There is a solution: It is for the media and the United Nations to rediscover the elementary moral distinctions of the original Geneva Conventions. Killing innocents is murder. Drawing enemy fire on children is evil. Itâ€™s not hard.
Why then is there no outrage against Hizbullah except in the narrow ideological confines of conservative western thought and a few liberal outriders going against the grain of the lockstep left?
It is more comfortable to pretend that the old verities regarding war are somehow still operational in a real world sense. An unarmed 10 year old boy leaning out a window in Anbar directing fire against American positions in Iraq presents a wrenching moral choice for the officer in command of the action. What guides that American officer is usually contained in the Rules of Engagement. Sometimes it’s how he was trained. But it is always what is inside the officer himself – his own personal code of morality and honor. Whether the boy is targeted or not, whether his death can be justified or not is really not the point. The child is a civilian in a combat zone and according to a strict reading of the laws of war and dictates of humanity, killing him is wrong.
Or is it? This situation, hypothetical as it is, brings us all into a new moral country as do the actions of Hizbullah with their brazen use of civilians as a combination human shield and fodder for press releases. Have you heard of any gathering of the great philosophical and ethical minds of our time to address these questions? Has there been any Security Council meetings to examine the implications of not only what Hizbullah is doing but what Israel (and to a lesser degree the United States) is forced to do in response?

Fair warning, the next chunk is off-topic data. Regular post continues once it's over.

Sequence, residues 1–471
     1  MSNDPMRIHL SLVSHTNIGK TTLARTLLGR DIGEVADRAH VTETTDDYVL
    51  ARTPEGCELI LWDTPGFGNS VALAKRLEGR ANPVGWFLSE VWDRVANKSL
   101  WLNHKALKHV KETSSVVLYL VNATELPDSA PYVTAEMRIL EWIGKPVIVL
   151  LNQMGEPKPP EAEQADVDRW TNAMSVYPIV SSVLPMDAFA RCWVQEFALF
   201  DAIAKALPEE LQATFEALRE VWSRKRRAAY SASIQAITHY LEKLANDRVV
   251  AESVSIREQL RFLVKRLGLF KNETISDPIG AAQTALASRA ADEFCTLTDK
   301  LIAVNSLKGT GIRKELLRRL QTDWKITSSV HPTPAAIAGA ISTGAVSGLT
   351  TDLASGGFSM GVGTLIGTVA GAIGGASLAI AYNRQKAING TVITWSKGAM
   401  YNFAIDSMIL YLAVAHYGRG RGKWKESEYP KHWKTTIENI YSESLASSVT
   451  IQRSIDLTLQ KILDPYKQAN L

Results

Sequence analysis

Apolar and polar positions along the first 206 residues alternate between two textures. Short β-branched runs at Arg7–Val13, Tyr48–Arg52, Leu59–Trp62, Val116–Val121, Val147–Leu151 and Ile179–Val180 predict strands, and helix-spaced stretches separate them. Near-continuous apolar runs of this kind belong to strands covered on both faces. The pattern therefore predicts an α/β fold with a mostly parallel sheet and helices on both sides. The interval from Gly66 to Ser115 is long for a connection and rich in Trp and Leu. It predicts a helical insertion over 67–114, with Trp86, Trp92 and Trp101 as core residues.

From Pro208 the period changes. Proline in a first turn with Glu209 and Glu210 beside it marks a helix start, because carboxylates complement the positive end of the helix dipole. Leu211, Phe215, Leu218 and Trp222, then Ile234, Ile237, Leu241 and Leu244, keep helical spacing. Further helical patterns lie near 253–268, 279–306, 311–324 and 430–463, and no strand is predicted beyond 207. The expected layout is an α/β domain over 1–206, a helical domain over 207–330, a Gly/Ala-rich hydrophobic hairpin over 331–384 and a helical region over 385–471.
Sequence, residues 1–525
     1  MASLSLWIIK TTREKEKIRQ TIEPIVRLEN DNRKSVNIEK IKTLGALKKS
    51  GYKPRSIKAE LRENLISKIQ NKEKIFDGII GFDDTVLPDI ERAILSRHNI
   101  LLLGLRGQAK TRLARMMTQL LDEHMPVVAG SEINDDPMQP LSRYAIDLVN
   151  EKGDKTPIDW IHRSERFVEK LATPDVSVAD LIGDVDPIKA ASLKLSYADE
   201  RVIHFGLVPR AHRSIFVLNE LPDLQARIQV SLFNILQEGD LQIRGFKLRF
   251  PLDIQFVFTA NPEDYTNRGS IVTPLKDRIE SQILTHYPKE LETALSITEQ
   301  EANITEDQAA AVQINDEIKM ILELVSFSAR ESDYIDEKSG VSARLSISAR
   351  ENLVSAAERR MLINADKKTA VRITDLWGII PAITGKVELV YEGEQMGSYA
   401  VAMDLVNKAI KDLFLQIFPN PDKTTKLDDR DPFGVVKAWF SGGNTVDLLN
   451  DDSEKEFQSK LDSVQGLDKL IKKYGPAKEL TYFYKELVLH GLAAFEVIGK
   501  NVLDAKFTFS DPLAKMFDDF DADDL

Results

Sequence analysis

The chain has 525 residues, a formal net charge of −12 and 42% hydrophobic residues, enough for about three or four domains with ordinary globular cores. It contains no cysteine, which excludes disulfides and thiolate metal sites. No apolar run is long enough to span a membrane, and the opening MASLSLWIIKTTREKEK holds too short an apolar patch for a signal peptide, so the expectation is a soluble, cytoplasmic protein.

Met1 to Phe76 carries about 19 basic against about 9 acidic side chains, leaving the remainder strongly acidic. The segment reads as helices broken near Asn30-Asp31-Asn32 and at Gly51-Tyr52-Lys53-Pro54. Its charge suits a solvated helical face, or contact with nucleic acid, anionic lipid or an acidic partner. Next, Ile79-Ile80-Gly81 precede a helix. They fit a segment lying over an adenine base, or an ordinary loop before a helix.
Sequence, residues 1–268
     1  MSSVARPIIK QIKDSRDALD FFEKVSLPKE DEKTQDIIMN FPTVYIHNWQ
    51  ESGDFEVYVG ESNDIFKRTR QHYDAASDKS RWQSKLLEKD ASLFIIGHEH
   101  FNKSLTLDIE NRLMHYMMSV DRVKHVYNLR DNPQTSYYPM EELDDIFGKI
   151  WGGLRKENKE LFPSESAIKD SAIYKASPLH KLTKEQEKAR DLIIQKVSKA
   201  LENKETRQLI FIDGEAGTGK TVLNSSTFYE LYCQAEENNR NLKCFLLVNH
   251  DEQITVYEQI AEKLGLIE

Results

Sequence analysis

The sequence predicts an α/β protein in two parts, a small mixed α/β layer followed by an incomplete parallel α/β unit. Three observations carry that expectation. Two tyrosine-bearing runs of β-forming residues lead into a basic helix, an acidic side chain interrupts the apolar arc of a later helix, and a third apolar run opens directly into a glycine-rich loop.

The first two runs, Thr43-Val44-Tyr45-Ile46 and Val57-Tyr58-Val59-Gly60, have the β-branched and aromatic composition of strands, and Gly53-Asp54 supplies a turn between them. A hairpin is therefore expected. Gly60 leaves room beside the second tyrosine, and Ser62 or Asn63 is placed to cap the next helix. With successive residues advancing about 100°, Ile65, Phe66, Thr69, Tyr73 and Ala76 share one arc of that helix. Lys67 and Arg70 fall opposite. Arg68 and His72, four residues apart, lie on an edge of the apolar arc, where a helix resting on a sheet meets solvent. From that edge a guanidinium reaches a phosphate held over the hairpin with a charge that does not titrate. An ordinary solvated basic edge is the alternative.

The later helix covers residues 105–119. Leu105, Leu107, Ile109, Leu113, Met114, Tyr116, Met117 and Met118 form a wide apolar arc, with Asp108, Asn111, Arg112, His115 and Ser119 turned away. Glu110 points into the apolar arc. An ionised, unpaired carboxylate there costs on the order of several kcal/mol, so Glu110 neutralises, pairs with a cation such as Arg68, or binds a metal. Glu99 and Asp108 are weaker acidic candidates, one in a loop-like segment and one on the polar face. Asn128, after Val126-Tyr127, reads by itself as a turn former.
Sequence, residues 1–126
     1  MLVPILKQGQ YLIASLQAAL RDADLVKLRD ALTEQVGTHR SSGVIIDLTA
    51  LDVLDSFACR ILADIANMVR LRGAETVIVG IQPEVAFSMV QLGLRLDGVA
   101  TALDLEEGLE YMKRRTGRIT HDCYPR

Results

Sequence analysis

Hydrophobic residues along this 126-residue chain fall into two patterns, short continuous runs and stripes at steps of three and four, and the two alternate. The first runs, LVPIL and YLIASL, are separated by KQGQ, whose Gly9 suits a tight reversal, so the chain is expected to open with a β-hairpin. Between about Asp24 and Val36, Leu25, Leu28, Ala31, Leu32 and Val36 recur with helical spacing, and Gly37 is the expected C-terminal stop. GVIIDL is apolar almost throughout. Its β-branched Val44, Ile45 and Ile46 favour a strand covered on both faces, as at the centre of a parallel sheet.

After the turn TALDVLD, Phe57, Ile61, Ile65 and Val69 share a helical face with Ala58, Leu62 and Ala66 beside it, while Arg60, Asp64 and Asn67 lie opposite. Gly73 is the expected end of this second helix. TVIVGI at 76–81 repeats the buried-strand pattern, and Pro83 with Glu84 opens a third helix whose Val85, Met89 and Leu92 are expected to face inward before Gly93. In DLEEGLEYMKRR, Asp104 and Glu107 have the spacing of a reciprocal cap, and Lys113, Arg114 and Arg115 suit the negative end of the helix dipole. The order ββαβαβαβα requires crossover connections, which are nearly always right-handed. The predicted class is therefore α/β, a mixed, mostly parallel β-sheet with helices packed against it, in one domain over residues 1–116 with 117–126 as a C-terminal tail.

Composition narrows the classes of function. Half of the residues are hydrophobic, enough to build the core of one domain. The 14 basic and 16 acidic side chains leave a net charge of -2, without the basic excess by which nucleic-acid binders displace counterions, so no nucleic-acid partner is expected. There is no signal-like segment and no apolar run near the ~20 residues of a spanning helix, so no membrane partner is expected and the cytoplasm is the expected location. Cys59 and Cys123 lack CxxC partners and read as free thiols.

Has there been any effort whatsoever on the part of the naysayers, the carpers, the condemners, to look beyond their spiteful, absolutist moral positions and delve into these dilemmas? I am not looking for an ethical or moral justification for dead civilians as much as I’m seeking a moral framework that takes these tactics into account. There is none. The American officer in Iraq or the Israeli Air Force Chief of Staff targeting Qana are all alone with their agony. And I firmly believe that this need not be the case.
Again, James Lewis:
European warfare came out of a tradition of chivalry. The military uniform marks combatants from bystanders. The British Redcoats were brilliantly visible, as were Napoleonâ€™s armies. The idea of disguising oneself in the face of musket and even cannot fire was treated with contempt. Far more, the idea of drawing enemy fire while hiding among women and children was simply criminal. The British Navy would have hung its own sailors for such crimes. European soldiers were ready to die rather than be contemptible.
The Geneva Conventions came out of this tradition. Wars were terrible, and became much worse as they become industrialized. But they still reflected some of the values of chivalry.
For the Nazis, savagery and murder became a matter of ideology and policy. SS men sent to murder Jews and other civilians were told to reject any feelings of compassion. The Nazis explicitly rejected Christian values, a point that is constantly lost to the Left. On the hard-hearted Left, during the Lenin-Stalin period, explicit orders were constantly given to kill peasants who resisted Moscowâ€™s orders to give up their land and huddle in communal farms.